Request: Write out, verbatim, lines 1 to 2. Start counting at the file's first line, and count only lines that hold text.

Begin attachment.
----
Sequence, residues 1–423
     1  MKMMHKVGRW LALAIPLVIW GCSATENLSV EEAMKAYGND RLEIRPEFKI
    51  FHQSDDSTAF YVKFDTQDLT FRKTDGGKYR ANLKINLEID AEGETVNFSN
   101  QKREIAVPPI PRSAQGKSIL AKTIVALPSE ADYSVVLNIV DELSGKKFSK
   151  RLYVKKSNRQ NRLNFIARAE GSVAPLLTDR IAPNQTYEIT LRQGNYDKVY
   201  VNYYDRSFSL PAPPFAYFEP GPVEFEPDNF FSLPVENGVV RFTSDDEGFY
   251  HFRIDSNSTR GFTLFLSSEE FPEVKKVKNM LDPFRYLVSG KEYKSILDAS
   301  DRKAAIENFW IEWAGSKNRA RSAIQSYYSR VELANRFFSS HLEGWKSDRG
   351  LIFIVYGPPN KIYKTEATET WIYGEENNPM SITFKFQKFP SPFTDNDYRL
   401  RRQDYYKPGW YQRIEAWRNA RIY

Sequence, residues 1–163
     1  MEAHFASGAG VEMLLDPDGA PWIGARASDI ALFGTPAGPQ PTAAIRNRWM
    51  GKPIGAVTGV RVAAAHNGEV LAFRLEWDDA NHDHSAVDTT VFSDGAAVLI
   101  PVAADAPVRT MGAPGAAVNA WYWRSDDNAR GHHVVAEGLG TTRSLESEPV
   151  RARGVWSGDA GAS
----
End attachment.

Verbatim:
Sequence, residues 1–423
     1  MKMMHKVGRW LALAIPLVIW GCSATENLSV EEAMKAYGND RLEIRPEFKI